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Title: Development of Kiln-Drying Schedules and Within Tree Variability in the Physical Properties of Two Lesser-Known Timber Species in Ghana
Authors: Effah, Bernard
Issue Date: 2-Dec-2012
Abstract: Decreasing supply of most commercial wood as raw material inspires the forest products industry to look for other wood species which have similar or greater commercial values but are not currently utilized by the forest products industry. Wood is versatile and the oldest building material used by man. But there is limited knowledge about the properties of a large proportion of timber-grade wood species. Proper utilization of a particular wood species must be based on both basic properties and processing properties. Drying is one of the most important processing properties, because a proper drying process will be the main key to utilize efficiently and ensure high quality wood products. Cola nitida (Bese) and Funtumia elastica (Funtum) are two lesser- known species in Ghana that are not used for commercial timber purposes. The overall objective of this study was to develop kiln-drying schedules for Cola nitida (Bese) and Funtumia elastica (Funtum), as well as assess the variability of the physical properties as the basis for determining the potential uses that may encourage the utilization and promotion of these lesser known species. The basic properties were determined based on British Standard 373 (1957), whiles the drying schedules were determined using the quick drying test method developed by Terazawa (1965). The main statistical tools used were Descriptive Statistics and Analysis of Variance (ANOVA). Variation in physical properties was analyzed within the trees of the two species. Three trees each per species were used in the study. Results of the study showed that initial moisture content were 66.6% and 79.4% for Cola nitida and Funtumia elastica respectively. The basic density of Cola nitida was 623.8 kg/m3 and 499.6 kg/m3 for Funtumia elastica. According to TEDB (1994), Cola nitida is a Medium-Heavy species and Funtumia elastica a Medium Weight species. Mean total tangential shrinkage from green to oven-dry was 7.25 and 6.78% for Cola nitida and Funtumia elastica, respectively. Mean partial tangential shrinkage from green to 12% MC is very small (under 2.5%) for Cola nitida and medium (4.0-5.5%) for Funtumia elastica. The corresponding mean partial radial shrinkage values also showed that shrinkage was very small (under 1.0%) for Cola nitida and medium (2.0–3.0%) for Funtumia elastica. The shrinkage values for the two species compared favourably with those of some locally used species for timber production (like Scottellia coriacea and Lannea welwitschii), and therefore could be considered suitable for timber utilization. The drying schedules also comformed to those of Sterculia rhinopetala and Alstonia boonei as proposed by Ofori and Brentuo (2010b). Checks in the early stages of drying were less severe in both Cola nitida and Funtumia elastica samples (Class 3). There were no honeycombing (Class 1) in both Cola nitida and Funtumia elastica species. There was no deformation (Class 1) in both Cola nitida and Funtumia elastica species. Experimental dry kiln schedules for lumber of thickness up to 38 mm corresponding to two Madison schedules were proposed: Cola nitida (T10-C4) and Funtumia elastica (T10 – D4). The results of the analysis of variance (ANOVA) revealed that the three axial sections of the trees showed significant differences at 5% probability level (p < 0.05). The technical values of the study results compared favourably with technical values of some locally used species for timber production (like Scottellia coriacea and Lannea welwitschii), and therefore could be considered suitable for timber utilization.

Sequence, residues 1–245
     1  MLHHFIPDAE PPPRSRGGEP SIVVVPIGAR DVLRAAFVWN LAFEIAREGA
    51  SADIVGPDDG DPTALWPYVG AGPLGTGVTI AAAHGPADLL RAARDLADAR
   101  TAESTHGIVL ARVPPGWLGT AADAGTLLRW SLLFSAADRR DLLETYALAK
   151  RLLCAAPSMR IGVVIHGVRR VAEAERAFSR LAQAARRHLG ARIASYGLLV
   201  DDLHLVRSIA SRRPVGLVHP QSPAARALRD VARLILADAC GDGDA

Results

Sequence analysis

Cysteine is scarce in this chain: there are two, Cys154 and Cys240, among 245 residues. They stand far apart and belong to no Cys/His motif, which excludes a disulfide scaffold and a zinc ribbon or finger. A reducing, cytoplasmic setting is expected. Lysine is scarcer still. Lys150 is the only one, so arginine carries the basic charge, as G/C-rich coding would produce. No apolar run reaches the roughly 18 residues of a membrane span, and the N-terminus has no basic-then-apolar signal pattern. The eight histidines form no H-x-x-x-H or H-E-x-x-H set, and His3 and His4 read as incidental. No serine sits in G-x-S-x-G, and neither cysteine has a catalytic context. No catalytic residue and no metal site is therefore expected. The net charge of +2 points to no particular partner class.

Description: A Thesis submitted to the Department of Wood Science and Technology,Kwame Nkrumah University of Science and Technology In partial fulfillment of the requirements for the degree Master of Science, November-2012
URI: http://hdl.handle.net/123456789/5301
Appears in Collections:College of Agric and Natural Resources

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